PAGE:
Northern Saw-whet Owl

We were tempted to spend the rest of the day in Doreen’s garden waiting for an Anna’s Hummingbird to show, but we eventually gave in to reality and continued the steep climb to St. Andrews.  A Lewis’s Woodpecker was on its tree this time (we’d missed them last year) and we added Green-winged Teal and Ruddy Duck in the ponds.  It was absolutely pouring again when we got a phone call from Chris Charlesworth telling of a Prothonotary Warbler found at Osoyoos Lake by Nathan Earley.  “Are you going to go for it?” he asked.  I replied that I was on a bike in the middle of a rainstorm and that diversion would add 50 km to an already gruelling day, so no.

The sun came out again as we got to the White Lake basin, and after a few minutes of searching the sage we found a pair of Brewer’s Sparrows, but no Sage Thrasher sang. The lake was fairly empty compared to my last visit, but we did add Cinnamon Teal (species #100!), Northern Shoveler, Hooded Merganser, and, just as we were giving up, three Wilson’s Phalaropes. We left an hour behind schedule at 1:30 pm, tallying the White-throated Swifts chattering overhead as we sailed down the hill into the Park Rill watershed.

Looking for Brewer’s Sparrows at White Lake

I decided to stop at the Willowbrook cattleguard to try for pygmy-owl again—no luck there, but a Rock Wren surprised us with a series of songs from the distant scree slopes.  We turned left on to Green Lake Road at Willowbrook and soon met up with the Chafing for Chickadees team coming the other way.  We traded laments about rain for a few minutes in the sun, then continued on to Mahoney Lake.  There we added Ring-necked Duck and Gray Flycatcher, and just as we were feeling good about that a Pileated Woodpecker called from across the road.  I must say that was the best feeling of the day—adding a good bird in the sunshine in the middle of the afternoon doldrums.  But it was 5:10 pm and we were losing time and about 50 km from home.

We screamed down the See Ya Later hill (aka the Wall; glad we were going down, not up) to the Vaseux Lake marshes, and crossed the river to the new sewage plant.  Some wigeon-like ducks disappeared in flight behind trees, and we didn’t add anything new until we got back on the highway and headed south to Vaseux Lake, when some Lesser Scaup showed themselves in the marsh. 

At the lake we added Western Grebe, Red-necked Grebe, Marsh Wren, Common Yellowthroat, Downy Woodpecker and Ring-billed Gull—a nice haul but a few species were decidedly missing.  We were at 117 species, so only three away from 120 and some respectability.  We reluctantly turned north as time was running out and muscles were beginning to seriously complain. By the time we got onto the KVR south spur trail at Okanagan Falls just before 6 pm, the rain began once again and steadily increased to a decent downpour.  We added nothing over the next hour along Skaha Lake and by the time we got to Penticton we were thoroughly soaked once again.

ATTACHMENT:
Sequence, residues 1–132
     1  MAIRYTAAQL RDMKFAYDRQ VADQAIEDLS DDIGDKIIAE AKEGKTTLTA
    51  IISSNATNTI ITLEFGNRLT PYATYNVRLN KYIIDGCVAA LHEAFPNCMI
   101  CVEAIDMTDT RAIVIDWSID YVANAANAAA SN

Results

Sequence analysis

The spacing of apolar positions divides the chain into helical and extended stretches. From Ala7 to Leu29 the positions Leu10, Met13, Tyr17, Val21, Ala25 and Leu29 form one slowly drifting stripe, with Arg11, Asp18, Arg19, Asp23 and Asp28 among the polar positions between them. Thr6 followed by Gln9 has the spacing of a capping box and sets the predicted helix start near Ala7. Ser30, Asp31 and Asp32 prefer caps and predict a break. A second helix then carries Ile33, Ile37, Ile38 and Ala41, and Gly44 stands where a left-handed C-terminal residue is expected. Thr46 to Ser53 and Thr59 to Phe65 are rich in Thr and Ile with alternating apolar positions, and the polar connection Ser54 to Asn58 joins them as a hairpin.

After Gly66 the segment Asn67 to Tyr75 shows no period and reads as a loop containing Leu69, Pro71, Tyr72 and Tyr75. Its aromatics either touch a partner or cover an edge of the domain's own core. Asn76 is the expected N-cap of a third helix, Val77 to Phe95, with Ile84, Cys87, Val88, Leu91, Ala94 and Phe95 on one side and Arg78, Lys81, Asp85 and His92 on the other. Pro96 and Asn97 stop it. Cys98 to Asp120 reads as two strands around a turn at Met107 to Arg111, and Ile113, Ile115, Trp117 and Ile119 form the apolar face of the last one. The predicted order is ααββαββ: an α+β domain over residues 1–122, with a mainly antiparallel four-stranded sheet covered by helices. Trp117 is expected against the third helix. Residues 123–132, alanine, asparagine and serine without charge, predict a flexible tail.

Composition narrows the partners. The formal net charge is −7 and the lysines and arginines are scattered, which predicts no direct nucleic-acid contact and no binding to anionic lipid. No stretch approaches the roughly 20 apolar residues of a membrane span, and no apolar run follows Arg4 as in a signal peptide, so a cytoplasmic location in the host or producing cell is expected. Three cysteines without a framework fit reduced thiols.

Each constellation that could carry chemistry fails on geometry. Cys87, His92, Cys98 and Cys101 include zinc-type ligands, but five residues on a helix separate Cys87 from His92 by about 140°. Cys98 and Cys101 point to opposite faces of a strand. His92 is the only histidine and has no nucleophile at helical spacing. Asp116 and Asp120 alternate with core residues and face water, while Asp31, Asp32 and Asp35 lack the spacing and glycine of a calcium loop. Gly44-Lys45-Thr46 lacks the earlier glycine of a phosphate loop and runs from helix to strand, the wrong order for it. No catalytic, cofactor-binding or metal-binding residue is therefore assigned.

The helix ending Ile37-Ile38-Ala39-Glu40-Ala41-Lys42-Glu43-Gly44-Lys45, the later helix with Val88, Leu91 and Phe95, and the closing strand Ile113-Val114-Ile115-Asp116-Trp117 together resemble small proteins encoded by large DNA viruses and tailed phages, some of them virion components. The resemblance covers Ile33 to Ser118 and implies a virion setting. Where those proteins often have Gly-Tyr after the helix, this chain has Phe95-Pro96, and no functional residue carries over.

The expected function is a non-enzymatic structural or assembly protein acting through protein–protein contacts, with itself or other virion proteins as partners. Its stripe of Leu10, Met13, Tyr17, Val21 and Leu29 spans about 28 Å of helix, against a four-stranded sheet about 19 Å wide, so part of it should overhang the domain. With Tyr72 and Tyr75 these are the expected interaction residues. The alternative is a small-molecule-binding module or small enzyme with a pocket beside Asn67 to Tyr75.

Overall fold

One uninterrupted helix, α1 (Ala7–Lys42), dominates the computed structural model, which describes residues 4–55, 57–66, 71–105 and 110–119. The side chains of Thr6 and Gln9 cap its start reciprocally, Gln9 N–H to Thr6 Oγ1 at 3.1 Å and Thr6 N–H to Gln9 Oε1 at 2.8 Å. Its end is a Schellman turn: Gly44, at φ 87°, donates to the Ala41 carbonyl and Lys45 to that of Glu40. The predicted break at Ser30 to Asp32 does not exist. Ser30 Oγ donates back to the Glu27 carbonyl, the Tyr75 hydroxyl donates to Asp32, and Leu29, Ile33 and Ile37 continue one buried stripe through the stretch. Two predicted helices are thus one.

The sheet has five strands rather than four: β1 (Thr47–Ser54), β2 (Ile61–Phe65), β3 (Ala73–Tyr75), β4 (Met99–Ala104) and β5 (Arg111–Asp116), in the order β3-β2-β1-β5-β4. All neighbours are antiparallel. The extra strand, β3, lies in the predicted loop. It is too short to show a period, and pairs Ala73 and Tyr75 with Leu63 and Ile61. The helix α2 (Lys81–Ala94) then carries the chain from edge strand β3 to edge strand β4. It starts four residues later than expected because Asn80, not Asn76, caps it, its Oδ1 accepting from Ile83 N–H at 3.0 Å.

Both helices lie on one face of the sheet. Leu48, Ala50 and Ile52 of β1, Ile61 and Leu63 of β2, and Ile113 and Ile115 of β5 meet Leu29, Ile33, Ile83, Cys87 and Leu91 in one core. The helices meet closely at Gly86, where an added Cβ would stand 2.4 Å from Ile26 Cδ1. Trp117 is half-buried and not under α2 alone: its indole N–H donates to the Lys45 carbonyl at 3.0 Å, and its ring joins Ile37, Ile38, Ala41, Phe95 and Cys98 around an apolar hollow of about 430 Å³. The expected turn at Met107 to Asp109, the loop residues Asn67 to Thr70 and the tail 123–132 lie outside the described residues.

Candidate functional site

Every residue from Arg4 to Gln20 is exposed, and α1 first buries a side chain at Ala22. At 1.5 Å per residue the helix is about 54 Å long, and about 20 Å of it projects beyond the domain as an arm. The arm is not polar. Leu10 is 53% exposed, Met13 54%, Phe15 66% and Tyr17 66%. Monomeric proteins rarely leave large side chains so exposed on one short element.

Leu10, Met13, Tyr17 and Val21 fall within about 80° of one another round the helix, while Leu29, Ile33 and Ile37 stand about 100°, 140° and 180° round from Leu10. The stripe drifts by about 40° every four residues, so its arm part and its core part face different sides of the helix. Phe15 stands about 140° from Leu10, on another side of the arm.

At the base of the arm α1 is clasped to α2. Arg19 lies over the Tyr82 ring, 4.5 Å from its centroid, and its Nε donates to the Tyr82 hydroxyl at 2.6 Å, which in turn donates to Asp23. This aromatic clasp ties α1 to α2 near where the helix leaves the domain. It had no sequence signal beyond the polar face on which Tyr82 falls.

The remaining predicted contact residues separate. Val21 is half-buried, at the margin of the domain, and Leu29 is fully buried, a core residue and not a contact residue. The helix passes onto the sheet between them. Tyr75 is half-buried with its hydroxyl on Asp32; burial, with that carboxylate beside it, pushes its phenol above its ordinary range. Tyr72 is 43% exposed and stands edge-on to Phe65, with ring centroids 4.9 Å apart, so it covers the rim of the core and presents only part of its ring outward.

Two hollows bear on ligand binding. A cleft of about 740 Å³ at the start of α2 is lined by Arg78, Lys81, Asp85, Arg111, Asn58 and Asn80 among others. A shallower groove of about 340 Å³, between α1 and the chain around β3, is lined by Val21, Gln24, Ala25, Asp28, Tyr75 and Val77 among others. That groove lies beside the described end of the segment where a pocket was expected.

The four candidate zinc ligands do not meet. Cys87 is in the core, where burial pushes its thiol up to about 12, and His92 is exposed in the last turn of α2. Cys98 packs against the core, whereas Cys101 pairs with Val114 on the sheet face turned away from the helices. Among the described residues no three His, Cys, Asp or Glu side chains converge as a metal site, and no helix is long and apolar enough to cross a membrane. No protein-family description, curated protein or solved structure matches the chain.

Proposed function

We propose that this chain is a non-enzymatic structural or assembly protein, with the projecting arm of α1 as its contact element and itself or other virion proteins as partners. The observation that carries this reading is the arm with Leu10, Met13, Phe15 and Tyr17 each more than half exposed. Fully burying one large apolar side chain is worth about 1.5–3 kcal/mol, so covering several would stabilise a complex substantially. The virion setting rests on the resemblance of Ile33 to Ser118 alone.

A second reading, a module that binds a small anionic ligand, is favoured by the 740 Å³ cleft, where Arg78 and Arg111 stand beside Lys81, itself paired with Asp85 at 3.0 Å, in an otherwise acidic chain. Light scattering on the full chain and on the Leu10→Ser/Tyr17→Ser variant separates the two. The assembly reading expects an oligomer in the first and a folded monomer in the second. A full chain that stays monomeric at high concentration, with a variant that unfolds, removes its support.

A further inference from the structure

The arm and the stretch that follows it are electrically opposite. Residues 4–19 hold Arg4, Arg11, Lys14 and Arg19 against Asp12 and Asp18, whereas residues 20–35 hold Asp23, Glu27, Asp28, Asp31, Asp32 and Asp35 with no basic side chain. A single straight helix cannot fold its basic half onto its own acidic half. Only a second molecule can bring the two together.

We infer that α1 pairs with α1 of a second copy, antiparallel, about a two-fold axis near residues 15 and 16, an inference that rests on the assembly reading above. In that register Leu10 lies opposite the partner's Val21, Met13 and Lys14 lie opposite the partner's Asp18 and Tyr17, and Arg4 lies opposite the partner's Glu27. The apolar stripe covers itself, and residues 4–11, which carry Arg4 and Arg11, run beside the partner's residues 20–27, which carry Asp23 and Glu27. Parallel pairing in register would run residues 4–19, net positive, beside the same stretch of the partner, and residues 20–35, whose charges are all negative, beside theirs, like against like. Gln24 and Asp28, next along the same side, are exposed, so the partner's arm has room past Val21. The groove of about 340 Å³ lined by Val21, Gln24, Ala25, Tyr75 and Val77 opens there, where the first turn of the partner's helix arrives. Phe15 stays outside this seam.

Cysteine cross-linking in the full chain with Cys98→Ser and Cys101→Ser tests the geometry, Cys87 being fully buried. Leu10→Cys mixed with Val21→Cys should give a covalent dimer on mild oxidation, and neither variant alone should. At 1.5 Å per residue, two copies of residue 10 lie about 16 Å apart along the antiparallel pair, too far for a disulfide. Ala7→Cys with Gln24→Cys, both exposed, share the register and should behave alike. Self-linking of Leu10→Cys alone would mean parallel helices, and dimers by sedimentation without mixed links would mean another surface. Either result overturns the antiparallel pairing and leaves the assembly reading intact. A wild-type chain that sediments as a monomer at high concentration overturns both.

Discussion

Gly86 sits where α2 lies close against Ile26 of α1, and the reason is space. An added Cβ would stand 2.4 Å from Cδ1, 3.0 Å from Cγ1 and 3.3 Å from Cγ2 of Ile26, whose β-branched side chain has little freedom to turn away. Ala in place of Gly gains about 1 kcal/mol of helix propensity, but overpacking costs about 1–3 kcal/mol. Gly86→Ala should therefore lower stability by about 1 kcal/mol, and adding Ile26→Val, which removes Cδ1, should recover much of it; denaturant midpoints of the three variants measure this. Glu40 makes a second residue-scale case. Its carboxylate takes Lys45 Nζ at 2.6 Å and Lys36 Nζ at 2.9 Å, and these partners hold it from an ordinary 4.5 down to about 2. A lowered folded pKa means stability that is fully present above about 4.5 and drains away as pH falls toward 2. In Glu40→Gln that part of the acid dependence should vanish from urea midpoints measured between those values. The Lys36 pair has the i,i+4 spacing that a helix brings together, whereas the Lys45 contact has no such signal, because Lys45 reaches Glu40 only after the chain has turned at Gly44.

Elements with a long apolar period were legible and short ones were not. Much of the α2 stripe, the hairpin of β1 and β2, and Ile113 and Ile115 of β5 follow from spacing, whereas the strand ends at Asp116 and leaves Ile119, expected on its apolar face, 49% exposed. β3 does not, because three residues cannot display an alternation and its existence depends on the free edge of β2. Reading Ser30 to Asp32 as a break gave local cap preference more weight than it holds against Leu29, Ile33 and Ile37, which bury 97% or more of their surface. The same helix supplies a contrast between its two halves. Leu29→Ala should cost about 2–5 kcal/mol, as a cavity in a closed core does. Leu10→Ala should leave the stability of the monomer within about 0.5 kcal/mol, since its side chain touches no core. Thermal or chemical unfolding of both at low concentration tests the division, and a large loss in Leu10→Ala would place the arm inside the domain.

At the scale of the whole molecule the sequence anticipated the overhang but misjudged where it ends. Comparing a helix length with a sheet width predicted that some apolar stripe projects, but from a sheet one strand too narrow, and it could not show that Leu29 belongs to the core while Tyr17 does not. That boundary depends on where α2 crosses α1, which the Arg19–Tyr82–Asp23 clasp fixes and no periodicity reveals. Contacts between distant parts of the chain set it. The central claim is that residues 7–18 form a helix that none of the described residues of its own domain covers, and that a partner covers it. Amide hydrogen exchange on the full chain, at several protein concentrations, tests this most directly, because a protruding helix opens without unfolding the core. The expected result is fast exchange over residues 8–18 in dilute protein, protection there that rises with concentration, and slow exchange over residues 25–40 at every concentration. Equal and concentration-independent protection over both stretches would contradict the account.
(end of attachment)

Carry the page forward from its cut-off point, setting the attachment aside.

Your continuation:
Rain over Skaha Lake

As we cycled north up the river channel we thought we had a good chance for Northern Harrier, Blue-winged Teal and Belted Kingfisher but no such luck (we found out later that the Chickadee team had seen all three only a half-hour ahead of us, sigh).  At the north highway bridge, Eva decided to head home up the hill to feed her horses, so I continued on to the lake by myself, hoping for some new waterbird.  I met the Chickadees coming the other way, they just said there was nothing on the lake but one gull and it had “flown away”—I later learned it had been a California Gull which would have been new for us.  The Chafing for Chickadees said they were going up to Max Lake to try for owls—I wished them luck and was glad that extra climb wasn’t in my plans.

The rain stopped and the lake was calm again when I got there, but absolutely empty.  I cycled along the beach promenade to the walking pier and set up the scope for one last search.  The plume of Penticton Creek had a Mallard and,… a pair of wigeon!  Species 118, our last of the day, at 8:30 pm.  I turned back and headed home, climbing the West Bench Hill as the rain started up in earnest.  I got home at 9 pm, with 102 km on the odometer for the day.

The gloomy gloaming on the Okanagan Lake walking pier

We held a Zoom meeting the next morning at 10 am to hear the stories of the other teams—almost 50 people in all–that had been out on the Challenge.  The Chickadees captured the coveted Green Team Trophy for best non-motorized result—they had ended up with 126 species, including a pygmy-owl at Max Lake in the rain.  Sigh.  But they definitely put in that extra effort.  There’s always next year!